- ↑ Aarakocra first appeared in the Fiend Folio (1981) and were credited to Lawrence Schick.
- ↑ In later appearances, Asharra is described as a wizard.
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- Jeff Quick (2002-01-02). “Aarakocran Portals”. Perilous Gateways. Wizards of the Coast. Archived from the original on 2004-02-23. Retrieved on 2020-04-19.
- J. F. Keeping (August 1987). “The Wings of Eagles”. In Roger E. Moore ed. Dragon #124 (TSR, Inc.), pp. 34–37.
Disclaimer: The views expressed in the following links do not necessarily represent the views of the editors of this wiki, nor does any lore presented necessarily adhere to established canon.
- ↑ 1.0 1.1 1.2 Wizards RPG Team (2014). Monster Manual 5th edition. (Wizards of the Coast), p. 12. ISBN 978-0786965614.
- ↑ 2.0 2.1 Richard Baker, Ari Marmell, Chris Sims (August 2010). Dark Sun Creature Catalog. (Wizards of the Coast), pp. 10–11. ISBN 978-0-7869-5494-0.
- ↑ 3.00 3.01 3.02 3.03 3.04 3.05 3.06 3.07 3.08 3.09 3.10 3.11 3.12 3.13 3.14 3.15 James Wyatt and Rob Heinsoo (February 2001). Monster Compendium: Monsters of Faerûn. (Wizards of the Coast), p. 11. ISBN 0-7869-1832-2.
- ↑ 4.0 4.1 4.2 4.3 Doug Stewart (June 1993). Monstrous Manual. (TSR, Inc), p. 5. ISBN 1-5607-6619-0.
- ↑ Don Turnbull (1981). Fiend Folio. (TSR Hobbies), p. 8. ISBN 0-9356-9621-0.
- ↑ Bill Slavicsek (1993). The Complete Book of Humanoids. (TSR, Inc), p. 117. ISBN 1-5607-6611-5.
- ↑ 7.0 7.1 7.2 7.3 Dale "slade" Henson (April 1991). Realmspace. Edited by Gary L. Thomas, Karen S. Boomgarden. (TSR, Inc), pp. 12–17. ISBN 1-56076-052-4.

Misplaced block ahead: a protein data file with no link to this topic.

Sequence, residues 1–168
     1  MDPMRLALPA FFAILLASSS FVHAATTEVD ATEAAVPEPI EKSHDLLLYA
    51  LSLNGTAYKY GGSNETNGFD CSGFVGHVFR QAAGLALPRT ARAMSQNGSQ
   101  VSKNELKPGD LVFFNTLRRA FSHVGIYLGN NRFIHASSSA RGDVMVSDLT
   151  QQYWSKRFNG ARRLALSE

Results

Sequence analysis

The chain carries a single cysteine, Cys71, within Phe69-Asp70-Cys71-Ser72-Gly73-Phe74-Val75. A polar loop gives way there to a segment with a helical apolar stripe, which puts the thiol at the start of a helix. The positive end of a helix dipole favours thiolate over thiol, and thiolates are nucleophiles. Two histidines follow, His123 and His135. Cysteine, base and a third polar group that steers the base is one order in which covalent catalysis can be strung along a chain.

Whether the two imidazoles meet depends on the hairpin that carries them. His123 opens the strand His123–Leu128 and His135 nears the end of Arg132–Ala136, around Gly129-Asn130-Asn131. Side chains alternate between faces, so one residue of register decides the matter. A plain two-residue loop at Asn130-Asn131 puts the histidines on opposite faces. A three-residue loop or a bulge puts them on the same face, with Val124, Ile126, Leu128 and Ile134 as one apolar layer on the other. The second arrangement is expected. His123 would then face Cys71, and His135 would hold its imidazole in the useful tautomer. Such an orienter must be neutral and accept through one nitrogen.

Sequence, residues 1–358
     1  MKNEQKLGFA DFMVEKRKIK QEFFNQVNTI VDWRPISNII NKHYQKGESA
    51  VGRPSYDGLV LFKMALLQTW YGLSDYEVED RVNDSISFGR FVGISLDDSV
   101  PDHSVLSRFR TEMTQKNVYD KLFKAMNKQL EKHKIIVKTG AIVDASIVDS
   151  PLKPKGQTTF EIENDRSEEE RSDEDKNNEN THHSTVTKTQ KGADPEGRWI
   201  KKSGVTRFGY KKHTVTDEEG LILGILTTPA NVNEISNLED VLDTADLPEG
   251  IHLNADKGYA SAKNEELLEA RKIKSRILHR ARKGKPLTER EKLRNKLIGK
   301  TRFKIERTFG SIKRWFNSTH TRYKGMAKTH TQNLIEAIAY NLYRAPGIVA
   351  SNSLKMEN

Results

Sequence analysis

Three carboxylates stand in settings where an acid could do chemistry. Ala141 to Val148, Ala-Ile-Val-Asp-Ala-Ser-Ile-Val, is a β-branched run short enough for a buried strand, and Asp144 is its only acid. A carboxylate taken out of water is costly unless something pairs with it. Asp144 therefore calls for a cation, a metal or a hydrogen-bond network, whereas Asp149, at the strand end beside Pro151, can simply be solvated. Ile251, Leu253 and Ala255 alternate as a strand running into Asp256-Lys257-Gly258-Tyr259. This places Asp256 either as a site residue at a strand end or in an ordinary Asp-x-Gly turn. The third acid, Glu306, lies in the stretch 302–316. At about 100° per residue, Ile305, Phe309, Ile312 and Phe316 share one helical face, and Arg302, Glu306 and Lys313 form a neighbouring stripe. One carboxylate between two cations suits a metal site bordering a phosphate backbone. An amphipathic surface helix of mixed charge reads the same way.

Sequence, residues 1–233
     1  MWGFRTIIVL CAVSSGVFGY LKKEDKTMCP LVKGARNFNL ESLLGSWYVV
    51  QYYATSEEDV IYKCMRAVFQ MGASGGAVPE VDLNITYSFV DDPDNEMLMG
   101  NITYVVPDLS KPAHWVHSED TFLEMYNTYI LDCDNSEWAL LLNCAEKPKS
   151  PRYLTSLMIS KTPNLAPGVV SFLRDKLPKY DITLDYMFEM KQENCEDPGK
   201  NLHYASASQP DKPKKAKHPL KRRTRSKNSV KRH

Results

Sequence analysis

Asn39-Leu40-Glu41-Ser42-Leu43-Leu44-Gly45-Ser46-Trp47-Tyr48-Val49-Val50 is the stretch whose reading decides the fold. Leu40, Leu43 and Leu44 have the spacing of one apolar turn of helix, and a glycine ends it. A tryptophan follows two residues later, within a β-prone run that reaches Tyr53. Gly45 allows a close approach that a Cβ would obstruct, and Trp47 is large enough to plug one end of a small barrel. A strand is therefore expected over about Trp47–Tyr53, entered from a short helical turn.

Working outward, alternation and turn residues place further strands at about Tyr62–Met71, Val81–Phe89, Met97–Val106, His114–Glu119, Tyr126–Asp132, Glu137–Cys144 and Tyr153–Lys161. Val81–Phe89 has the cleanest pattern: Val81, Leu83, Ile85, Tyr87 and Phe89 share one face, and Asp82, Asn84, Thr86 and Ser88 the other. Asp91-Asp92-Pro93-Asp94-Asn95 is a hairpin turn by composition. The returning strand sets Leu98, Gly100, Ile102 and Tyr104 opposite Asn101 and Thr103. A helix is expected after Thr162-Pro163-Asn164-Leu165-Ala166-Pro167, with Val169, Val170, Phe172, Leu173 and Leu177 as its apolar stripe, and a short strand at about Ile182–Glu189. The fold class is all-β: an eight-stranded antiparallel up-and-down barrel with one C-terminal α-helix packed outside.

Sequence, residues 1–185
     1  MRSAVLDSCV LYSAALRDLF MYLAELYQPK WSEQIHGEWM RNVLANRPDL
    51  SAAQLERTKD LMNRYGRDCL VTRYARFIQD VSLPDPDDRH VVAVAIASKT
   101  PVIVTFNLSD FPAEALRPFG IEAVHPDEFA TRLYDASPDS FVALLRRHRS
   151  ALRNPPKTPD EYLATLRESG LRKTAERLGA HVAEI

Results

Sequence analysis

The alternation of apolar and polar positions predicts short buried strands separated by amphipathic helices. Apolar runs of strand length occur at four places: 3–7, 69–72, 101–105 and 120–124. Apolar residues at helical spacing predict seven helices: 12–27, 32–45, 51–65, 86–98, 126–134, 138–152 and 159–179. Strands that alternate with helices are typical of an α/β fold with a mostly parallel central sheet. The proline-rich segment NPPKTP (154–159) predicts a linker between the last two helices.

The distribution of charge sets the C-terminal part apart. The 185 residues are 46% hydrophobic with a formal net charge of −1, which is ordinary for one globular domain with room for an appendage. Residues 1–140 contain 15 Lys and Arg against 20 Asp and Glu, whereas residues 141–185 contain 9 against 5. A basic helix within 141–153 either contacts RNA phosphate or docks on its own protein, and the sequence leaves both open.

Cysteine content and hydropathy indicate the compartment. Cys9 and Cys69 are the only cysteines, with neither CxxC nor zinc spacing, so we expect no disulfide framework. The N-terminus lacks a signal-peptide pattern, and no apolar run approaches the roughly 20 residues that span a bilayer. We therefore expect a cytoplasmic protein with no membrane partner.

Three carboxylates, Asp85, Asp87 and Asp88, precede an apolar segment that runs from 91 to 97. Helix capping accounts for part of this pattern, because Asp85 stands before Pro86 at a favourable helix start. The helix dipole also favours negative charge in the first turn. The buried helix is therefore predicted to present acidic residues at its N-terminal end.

- ↑ Richard Baker, Robert J. Schwalb, Stephen Schubert (April 2015). Elemental Evil Player's Companion , link:. In David Noonan, Stacy Janssen eds. (Wizards of the Coast and Sasquatch Game Studio), p. 5.
- ↑ Frank Mentzer (January 1985). “Ay pronunseeAYshun gyd”. In Kim Mohan ed. Dragon #93 (TSR, Inc.), p. 25.
- ↑ Dungeons & Dragons FAQ (HTML). Wizards of the Coast. (2003). Archived from the original on 2017-07-09. Retrieved on 2018-05-22.
- ↑ J. F. Keeping (August 1987). “The Wings of Eagles”. In Roger E. Moore ed. Dragon #124 (TSR, Inc.), p. 34.
- ↑ 12.0 12.1 12.2 Bill Slavicsek (1993). The Complete Book of Humanoids. (TSR, Inc), p. 17. ISBN 1-5607-6611-5.
- ↑ 13.0 13.1 Reynolds, Forbeck, Jacobs, Boyd (March 2003). Races of Faerûn. (Wizards of the Coast), p. 131. ISBN 0-7869-2875-1.
- ↑ Dale Henson (as slade), Ed Greenwood, Julia Martin, Steven E. Schend, Jennell Jaquays (as Paul Jaquays), Steve Perrin (April 1996). The North: Guide to the Savage Frontier (The Wilderness). (TSR, Inc), p. 25. ISBN 0-7869-0391-0.
- ↑ David "Zeb" Cook, et al. (1989). Monstrous Compendium Volume Two. (TSR, Inc), p. 14. ISBN 0-8803-8753-X.
- ↑ Reynolds, Forbeck, Jacobs, Boyd (March 2003). Races of Faerûn. (Wizards of the Coast), pp. 31–34. ISBN 0-7869-2875-1.
- ↑ Reynolds, Forbeck, Jacobs, Boyd (March 2003). Races of Faerûn. (Wizards of the Coast), p. 130. ISBN 0-7869-2875-1.
- ↑ 18.0 18.1 18.2 18.3 18.4 Richard Baker, Robert J. Schwalb, Stephen Schubert (April 2015). Elemental Evil Player's Companion , link:. In David Noonan, Stacy Janssen eds. (Wizards of the Coast and Sasquatch Game Studio), p. 4.
- ↑ Brian R. James (May 2010). “Backdrop: Chessenta”. In Chris Youngs ed. Dungeon #178 (Wizards of the Coast), p. 72.
- ↑ Brian R. James and Ed Greenwood (September, 2007). The Grand History of the Realms. (Wizards of the Coast), p. 73. ISBN 978-0-7869-4731-7.
- ↑ Scott Bennie (1990). Old Empires. (TSR, Inc), p. 52. ISBN 0-8803-8821-8.
- ↑ slade, James Butler (November 1996). Netheril: Empire of Magic (The Winds of Netheril). (TSR, Inc.), p. 86. ISBN 0-7869-0437-2.
- ↑ Christopher Perkins, Will Doyle, Steve Winter (September 19, 2017). Tomb of Annihilation. Edited by Michele Carter, Scott Fitzgerald Gray. (Wizards of the Coast), p. 69. ISBN 978-0-7869-6610-3.
- ↑ Michele Carter, Stacy Janssen eds. (2015). Princes of the Apocalypse. (Wizards of the Coast), p. 125. ISBN 978-0786965786.